Following the conclusion of the trial, the judge rendered a thirty-nine page written decision addressing custody and parenting time, equitable distribution, alimony, child support, and counsel fees. In the section of his opinion addressing credibility the judge opined:

The [c]ourt finds [p]laintiff to be credible. After observing him during his testimony, the [c]ourt determined that he was honest and sincere. His description of events was logical and supported by the facts.
On the other hand, the [c]ourt does not find [d]efendant credible. Many of her claims were unsupported by facts or reason.

         Regarding plaintiff's restricted stock units, the judge continued:

The restricted stock units ("RSUs") awarded to [p]laintiff as part of his compensation package vest over a five-year vesting schedule. As the stocks vest, they are reflected in [p]laintiff's W-2 for that year. Plaintiff concedes that [d]efendant is entitled to share in the [RSUs] that were vested as of the date of filing.
Plaintiff takes the position that the RSUs awarded on August 31, 2014 are exempt from equitable distribution based upon the post-[complaint] status of their receipt. This is incorrect. The 2014 award, not the vesting of that award, created a marital asset which will vest in five years and whose value is as of yet uncertain. The 2014 award was made in recognition of [p]laintiff's past job performance. Said past performance was during the marriage, making the units subject to equitable distribution. In Pascale v. Pascale, [140 N.J. 583 (1995), ] the Court found that stock options awarded after the marriage has terminated, but obtained as a result of efforts expended during the marriage should be subject to equitable distribution. ([See also] Reinbold v. Reinbold, 311 N.J.Super. 460 (App. Div. 1998) noting that portions of a retirement incentive package offered after the divorce were based upon pre-complaint efforts and subject to equitable distribution.)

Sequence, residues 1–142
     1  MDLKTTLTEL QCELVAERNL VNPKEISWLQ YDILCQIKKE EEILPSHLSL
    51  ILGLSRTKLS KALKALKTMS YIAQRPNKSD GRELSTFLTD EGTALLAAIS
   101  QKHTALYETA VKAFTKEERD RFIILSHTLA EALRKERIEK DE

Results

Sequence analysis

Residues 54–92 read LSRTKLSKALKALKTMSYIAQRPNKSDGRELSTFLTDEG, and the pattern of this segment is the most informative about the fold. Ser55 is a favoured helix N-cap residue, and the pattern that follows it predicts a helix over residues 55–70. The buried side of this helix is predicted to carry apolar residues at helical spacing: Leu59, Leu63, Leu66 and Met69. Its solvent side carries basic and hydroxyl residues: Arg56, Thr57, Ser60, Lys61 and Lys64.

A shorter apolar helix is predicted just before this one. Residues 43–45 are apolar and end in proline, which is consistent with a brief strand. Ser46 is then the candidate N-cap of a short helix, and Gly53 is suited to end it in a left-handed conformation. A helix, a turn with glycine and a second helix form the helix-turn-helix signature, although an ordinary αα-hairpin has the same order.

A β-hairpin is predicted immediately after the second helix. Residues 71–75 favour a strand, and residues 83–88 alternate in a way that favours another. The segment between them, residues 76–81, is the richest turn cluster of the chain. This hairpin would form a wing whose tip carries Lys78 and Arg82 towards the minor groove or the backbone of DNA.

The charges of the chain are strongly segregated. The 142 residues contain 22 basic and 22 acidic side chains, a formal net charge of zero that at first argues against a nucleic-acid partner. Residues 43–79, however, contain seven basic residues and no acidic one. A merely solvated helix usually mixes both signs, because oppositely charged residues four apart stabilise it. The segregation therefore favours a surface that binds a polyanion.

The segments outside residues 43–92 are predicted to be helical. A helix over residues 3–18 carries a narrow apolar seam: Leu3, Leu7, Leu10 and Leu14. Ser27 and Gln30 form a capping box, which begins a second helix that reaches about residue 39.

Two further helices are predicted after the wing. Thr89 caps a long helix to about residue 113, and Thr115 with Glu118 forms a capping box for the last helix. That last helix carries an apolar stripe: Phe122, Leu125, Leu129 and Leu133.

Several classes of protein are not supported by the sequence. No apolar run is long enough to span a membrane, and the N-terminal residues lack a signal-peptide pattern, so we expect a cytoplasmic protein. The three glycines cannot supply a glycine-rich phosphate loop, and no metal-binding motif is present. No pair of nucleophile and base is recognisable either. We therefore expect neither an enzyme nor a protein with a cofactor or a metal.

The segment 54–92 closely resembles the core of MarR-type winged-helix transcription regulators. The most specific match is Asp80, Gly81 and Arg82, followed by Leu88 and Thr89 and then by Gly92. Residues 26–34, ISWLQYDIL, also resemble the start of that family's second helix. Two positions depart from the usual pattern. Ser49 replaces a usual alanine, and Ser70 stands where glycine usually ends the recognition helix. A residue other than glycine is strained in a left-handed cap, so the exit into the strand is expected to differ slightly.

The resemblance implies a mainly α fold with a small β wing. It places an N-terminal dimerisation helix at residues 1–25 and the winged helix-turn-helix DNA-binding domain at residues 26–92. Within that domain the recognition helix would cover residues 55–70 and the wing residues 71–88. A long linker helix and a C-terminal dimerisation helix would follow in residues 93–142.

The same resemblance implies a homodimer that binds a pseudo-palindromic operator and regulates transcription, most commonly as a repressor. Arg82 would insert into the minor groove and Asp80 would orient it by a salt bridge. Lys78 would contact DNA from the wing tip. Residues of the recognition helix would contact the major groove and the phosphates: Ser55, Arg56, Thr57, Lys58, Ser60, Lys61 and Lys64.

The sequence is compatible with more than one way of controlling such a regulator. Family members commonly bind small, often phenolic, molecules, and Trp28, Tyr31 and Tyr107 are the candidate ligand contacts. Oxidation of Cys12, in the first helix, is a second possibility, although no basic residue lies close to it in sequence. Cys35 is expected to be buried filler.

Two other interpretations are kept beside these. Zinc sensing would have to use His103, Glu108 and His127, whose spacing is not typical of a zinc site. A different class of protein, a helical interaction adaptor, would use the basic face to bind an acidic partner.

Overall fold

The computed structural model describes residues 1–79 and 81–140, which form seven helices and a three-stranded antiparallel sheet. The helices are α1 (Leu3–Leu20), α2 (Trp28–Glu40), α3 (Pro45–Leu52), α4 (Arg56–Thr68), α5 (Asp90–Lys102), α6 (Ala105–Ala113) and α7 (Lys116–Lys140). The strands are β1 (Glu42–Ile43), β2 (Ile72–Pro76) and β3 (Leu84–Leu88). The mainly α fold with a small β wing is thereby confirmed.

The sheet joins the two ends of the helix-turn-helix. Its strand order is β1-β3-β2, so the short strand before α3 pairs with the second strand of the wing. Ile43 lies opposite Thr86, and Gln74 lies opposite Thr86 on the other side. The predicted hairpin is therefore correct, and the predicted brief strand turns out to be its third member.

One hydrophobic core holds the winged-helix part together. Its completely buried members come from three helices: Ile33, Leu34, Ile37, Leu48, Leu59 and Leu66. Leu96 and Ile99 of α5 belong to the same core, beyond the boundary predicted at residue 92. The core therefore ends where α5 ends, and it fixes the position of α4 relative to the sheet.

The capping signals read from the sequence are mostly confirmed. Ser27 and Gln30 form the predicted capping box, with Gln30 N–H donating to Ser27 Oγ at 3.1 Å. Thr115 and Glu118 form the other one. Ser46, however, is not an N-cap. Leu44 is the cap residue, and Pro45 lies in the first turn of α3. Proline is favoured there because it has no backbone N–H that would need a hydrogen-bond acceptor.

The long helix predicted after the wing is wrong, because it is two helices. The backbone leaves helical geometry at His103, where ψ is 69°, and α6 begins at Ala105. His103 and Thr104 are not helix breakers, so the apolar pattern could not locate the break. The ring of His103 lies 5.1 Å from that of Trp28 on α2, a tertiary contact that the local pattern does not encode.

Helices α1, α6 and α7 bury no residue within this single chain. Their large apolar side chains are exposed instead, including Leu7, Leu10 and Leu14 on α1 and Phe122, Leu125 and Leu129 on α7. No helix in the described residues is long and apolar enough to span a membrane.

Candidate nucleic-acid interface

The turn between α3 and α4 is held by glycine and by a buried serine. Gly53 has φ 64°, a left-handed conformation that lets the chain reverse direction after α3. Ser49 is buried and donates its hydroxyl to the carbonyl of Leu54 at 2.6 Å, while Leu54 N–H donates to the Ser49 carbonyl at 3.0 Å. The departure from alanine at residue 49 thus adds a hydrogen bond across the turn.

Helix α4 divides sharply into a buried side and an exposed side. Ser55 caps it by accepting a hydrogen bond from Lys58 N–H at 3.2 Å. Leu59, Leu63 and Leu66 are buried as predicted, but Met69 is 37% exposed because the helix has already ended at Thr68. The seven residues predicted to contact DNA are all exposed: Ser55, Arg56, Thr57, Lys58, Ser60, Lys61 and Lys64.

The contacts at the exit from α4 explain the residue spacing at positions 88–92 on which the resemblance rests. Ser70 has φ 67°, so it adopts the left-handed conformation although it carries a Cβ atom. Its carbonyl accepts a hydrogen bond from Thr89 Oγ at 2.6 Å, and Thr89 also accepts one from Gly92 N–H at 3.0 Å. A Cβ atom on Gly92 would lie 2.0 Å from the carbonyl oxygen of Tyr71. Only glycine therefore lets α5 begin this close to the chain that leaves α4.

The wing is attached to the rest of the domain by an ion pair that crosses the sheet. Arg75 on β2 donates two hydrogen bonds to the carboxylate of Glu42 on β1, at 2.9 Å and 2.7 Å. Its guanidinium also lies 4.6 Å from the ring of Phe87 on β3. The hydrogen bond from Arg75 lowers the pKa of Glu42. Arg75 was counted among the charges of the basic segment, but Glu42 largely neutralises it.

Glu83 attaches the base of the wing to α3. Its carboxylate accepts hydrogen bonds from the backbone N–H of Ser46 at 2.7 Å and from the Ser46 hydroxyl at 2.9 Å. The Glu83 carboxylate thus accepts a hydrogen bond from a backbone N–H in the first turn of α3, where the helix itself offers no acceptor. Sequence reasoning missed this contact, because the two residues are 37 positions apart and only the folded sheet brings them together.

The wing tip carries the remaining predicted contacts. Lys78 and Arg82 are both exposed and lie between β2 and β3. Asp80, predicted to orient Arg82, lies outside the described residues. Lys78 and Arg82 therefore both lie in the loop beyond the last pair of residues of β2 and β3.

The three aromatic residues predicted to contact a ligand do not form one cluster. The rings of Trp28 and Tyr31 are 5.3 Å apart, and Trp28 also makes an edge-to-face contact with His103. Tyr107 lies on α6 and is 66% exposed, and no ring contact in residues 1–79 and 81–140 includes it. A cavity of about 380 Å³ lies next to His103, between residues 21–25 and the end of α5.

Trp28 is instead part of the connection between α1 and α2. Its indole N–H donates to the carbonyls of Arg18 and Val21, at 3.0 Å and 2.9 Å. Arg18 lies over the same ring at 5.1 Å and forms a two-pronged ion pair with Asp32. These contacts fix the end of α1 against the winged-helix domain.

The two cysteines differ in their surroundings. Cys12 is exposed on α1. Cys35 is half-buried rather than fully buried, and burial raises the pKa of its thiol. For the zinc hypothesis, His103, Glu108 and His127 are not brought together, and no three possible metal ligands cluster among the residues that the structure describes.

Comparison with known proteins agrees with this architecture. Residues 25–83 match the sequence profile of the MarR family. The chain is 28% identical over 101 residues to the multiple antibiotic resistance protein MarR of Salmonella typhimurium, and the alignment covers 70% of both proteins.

In the within matter, the [c]ourt finds that the RSUs awarded to [p]laintiff up to and including the August 2014 award are the result of pre-filing, marital efforts, and are thus subject to equitable distribution.

         Accordingly, the judge imposed a constructive trust to facilitate distribution of the unvested stock to defendant.

         After entry of the divorce, plaintiff filed a motion seeking various forms of relief, including modification of the judgment pursuant to Rule 4:50-1, as it pertained to the restricted stock. In the certification accompanying the motion, plaintiff stated:

Additionally, I believe the [c]ourt erred and there is a mistake with regard to my stock options. The [c]ourt analyzed my . . . stock . . . [in its] decision and cited [Pascale] . . . specifically finding that RSUs award[ed] to plaintiff up to and including the August 2014 award are the result of pre-[complaint] marital efforts and thus subject to equitable distribution. I enclose . . . literature from . . . my employer[] regarding options. The information provided . . . clearly indicates that the "awardees's rights in the [stock awards] shall be affected, with regard to both vesting schedule and termination, by leaves of absence, changes in the number of hours worked, partial disability, and other changes in awardee's employment status as provided in the company's current policies for these matters." Clearly, [the] stock[s] were performance options and a reward for staying with my employer and a reward for future performance. As such, . . . defendant should not share in these options that have not vested as of the date of filing.

         The document plaintiff referenced in his certification was his employer's stock award agreement pursuant to its stock plan. In addition to the language plaintiff ...